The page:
Monthly Archives: July 2015

Interesting Non Fiction for Kids Recommendation

Eleanor by Barbara Cooney

One of my favorite picture book biographies about one of my favorite people. Great introduction to Eleanor Roosevelt, specifically her childhood and growing into a confident, influential woman. This is a great mentor text for it’s fabulous opening paragraph and concise, powerful paragraphs. Such a better choice than the standard biography found more easily in the big stores.

Grades 3 and Up

Picture Book Biography

Used successfully with ESL adult learners, too.

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Interesting Non Fiction for Kids Recommendation

Mesmerized. How Ben Franklin Solved a Mystery that Baffled all of France by Mara Rockliff

Mara Rockliff has an easy, enjoyable reading style which manages to include a good dose of history. I particularly like how this picture book biography of Ben Franklin focuses on his use of the scientific method. The author does a great service here by explaining what this is and how Ben actually used it. The story itself is also weird and thus naturally appealing.

Grumpy gripe: I find the constant changes in font very annoying. Many kids can’t read script and struggle to read with confidence when the words aren’t printed clearly. Stick with a basic font; the writing is strong enough to keep the readers interested and the illustrations are also terrific.

Grade 3 and up

Picture book biography

Boy appeal

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Interesting Non Fiction for Kids Recommendation

The Great American Dust Bowl by Don Brown

Don Brown expands into the graphic novel form with great success. There is a plethora of historic and environmental information here. The drawings really add to the reader’s experience of what it was like to be in living with so much dirt and dust.

For a fiction pairing, the graphic novel The Storm in the Barn by Matt Phelan is part ghost story part historical fiction.

Grade 5 and Up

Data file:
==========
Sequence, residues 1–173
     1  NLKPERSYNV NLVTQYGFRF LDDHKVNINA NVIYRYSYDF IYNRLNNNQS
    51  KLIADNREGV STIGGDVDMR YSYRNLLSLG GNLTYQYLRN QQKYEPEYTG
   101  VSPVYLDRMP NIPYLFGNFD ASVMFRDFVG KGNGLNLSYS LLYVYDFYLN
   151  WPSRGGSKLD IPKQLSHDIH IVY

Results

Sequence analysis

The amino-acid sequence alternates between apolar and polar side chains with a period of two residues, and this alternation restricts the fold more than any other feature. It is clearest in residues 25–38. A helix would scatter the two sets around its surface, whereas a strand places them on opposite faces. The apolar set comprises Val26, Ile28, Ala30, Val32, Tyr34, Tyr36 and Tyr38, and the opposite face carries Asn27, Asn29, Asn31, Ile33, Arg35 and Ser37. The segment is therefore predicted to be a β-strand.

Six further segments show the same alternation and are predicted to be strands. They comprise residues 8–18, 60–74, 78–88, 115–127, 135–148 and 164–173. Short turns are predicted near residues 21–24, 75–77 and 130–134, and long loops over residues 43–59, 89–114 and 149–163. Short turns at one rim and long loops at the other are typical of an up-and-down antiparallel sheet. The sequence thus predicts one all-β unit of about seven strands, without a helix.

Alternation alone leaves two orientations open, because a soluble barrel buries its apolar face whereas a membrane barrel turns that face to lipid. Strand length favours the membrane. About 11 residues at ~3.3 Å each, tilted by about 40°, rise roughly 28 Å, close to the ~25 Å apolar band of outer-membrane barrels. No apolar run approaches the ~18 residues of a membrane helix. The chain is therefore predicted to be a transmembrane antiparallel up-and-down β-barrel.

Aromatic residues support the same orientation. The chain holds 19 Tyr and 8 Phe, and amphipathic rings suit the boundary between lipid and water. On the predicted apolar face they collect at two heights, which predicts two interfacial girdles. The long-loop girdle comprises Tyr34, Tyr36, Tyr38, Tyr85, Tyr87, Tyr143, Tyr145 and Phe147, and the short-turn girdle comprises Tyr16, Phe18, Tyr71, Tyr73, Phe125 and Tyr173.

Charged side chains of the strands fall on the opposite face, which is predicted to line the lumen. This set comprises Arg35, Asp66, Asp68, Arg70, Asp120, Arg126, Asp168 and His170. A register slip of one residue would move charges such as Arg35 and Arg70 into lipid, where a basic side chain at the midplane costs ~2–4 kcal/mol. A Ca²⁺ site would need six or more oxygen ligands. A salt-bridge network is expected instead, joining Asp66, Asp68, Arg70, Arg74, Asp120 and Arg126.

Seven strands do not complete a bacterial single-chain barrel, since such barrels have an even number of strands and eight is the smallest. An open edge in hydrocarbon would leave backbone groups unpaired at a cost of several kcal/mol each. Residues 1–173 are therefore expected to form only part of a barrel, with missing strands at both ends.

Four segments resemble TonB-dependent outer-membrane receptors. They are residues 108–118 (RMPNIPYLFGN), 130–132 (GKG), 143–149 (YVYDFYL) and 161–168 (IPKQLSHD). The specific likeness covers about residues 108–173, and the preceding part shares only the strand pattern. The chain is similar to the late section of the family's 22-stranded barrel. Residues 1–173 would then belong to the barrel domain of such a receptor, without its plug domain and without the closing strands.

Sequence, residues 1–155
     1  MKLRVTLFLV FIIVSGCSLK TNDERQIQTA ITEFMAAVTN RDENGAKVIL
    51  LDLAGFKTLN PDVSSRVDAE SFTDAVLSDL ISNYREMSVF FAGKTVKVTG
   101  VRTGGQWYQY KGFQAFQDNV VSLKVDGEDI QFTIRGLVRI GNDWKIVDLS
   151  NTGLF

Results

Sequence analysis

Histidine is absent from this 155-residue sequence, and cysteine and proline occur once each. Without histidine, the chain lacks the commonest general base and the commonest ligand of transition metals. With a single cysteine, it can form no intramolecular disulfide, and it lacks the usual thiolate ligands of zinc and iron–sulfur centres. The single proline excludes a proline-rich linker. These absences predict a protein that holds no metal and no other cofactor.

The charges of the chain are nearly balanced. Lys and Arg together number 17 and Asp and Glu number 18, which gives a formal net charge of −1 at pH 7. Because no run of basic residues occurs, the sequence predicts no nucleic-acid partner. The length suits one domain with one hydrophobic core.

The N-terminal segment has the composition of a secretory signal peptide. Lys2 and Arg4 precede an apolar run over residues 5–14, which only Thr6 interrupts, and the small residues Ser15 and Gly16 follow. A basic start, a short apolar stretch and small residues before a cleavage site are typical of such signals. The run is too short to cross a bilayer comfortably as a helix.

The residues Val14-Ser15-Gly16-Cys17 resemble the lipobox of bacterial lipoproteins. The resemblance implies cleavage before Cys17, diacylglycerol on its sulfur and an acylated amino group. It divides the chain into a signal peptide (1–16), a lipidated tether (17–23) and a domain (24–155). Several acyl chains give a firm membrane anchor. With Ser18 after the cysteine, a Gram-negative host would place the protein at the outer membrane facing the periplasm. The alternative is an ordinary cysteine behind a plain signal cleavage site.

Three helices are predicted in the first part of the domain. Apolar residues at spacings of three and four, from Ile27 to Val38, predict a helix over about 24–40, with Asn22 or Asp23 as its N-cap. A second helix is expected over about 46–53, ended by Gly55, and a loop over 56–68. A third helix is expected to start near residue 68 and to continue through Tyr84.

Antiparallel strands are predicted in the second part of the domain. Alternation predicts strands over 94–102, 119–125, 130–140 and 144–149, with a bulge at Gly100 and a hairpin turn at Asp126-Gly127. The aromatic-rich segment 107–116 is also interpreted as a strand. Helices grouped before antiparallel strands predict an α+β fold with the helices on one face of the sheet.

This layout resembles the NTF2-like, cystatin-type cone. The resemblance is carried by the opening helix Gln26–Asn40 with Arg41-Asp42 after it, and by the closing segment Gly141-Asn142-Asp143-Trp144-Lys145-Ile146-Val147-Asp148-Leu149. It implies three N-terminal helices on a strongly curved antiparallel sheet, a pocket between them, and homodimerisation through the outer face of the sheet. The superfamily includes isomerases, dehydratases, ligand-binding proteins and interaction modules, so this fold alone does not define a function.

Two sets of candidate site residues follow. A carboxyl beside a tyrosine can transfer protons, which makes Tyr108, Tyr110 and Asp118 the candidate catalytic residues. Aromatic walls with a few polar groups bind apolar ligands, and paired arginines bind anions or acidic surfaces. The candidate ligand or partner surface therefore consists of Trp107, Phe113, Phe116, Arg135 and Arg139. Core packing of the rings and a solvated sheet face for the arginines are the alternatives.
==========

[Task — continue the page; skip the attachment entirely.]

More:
Used successfully with reluctant reader

Boy appeal

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Graphic Novel Memoirs for Kids

Suddenly, there seems to be an abundance of interesting, graphic novel memoirs for kids. I’m fascinated by this trend. I don’t know why it’s happening or why it works. But I’ve read several over the last few months and would enjoy reading more.

Here are five  great examples of graphic novel memoirs about girls:

1. Roller Girl by Victoria Jamieson

2. Relish. My Life in the Kitchen by Lucy Knisley

3. El Deafo by Cece Bell

4. Page by Paige by Laura Lee Gulledge

5. To Dance by Siena Cherson Siegel

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In Honor of the Amazing Photos from Pluto…

A good book about space is a must have for a kid’s shelf. Take it up a notch with a book about how we know what we know.

Seymour Simon is an established master of science writing for children.EARTH: OUR PLANET IN SPACE

In Earth. Our Planet in Space, he clearly explains what we know about earth as a planet, setting up the facts and the thrill of the exploration of earth’s place in the universe.

But how do we know what we know?

Dennis Brindell Frandin’s excellent biography, Nicolaus Copernicus. The Earth is a Planet, reminds us all that it takes curiosity and determination to reach new levels of understanding of our world.

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